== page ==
The Bermuda Triangle is a place in the Atlantic Ocean where ships and airplanes supposedly disappear without a trace.
In the picture below, a square appears when we rearrange the pieces of the upper triangle to form the lower triangle.
The pieces in both pictures are identical. Can you explain the origin of the square? You will need
your knowledge of geometry to solve this problem.

Answer:

The area of a right triangle is computed by multiplying the base times the height and dividing by two.
The pieces of the puzzle have an area of 32 square units. Although they can be assembled to form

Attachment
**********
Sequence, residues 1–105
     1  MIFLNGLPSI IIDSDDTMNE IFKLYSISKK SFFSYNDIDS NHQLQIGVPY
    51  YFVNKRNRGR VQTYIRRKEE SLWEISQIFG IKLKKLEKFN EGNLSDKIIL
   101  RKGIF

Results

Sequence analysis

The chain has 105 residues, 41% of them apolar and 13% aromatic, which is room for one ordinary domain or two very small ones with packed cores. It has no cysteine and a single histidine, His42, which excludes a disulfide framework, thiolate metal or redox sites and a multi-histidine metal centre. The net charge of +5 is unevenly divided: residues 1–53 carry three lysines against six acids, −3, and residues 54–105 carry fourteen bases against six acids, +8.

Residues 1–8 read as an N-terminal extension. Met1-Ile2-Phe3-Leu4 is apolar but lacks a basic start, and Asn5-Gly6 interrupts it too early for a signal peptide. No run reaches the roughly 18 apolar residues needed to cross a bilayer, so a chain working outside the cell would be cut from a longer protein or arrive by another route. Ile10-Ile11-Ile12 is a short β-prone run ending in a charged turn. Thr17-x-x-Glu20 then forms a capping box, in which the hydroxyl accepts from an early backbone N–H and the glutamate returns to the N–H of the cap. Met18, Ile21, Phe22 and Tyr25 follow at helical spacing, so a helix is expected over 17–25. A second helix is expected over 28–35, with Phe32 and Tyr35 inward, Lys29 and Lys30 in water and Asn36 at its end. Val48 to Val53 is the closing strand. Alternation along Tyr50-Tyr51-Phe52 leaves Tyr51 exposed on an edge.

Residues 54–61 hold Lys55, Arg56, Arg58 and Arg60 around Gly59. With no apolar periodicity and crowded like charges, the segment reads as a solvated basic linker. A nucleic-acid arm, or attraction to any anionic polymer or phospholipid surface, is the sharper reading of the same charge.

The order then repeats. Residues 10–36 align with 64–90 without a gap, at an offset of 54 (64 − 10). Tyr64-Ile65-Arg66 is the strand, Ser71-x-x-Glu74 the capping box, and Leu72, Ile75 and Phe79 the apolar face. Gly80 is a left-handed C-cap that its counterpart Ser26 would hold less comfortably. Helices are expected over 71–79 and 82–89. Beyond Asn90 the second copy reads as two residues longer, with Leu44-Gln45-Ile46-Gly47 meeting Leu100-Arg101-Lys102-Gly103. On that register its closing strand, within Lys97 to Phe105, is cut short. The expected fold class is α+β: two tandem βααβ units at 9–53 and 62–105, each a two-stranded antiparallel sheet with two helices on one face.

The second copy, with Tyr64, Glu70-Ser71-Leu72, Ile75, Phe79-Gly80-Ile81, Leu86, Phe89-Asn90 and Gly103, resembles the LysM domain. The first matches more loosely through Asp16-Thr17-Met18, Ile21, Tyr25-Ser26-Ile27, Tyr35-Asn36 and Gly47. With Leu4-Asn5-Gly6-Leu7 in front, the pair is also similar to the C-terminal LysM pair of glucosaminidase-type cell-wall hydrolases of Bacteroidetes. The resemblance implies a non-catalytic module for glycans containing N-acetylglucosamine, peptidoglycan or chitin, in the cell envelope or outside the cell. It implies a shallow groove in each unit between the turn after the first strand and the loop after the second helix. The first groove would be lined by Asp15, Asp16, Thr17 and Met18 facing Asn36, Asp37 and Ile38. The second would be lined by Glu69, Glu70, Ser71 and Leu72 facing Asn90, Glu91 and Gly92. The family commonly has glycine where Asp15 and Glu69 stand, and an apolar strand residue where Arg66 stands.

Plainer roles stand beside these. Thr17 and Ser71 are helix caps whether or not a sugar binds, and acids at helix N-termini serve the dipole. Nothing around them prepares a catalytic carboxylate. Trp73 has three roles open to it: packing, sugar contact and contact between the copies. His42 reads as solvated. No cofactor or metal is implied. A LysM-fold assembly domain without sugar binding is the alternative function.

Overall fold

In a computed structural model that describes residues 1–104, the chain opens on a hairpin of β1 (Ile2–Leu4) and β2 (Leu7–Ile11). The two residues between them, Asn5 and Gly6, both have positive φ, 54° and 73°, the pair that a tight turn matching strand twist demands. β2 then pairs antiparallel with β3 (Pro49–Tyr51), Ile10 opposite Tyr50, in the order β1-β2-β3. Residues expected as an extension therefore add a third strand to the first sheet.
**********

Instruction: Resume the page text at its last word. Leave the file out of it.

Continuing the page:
what appears to be a 13×5 right triangle, they actually form quadrilaterals that are slightly
smaller or slightly bigger than a 13×5 right triangle. The long side of the these "triangles", i.e,
what seems to be the hypotenuse, is not a straight line.

The top figure has an area of 32 square units. The bottom figure, including the empty square, has
an area of 33 square units. A real 13×5 right triangle would have an area of 32.5 square units.
The distortion is difficult to see because one square of the picture is approximately 3% of the area.

The distortion can be seen more clearly when the empty square constitutes a larger percentage of the
area, as in the figure below where 1 square represents 13% of the area.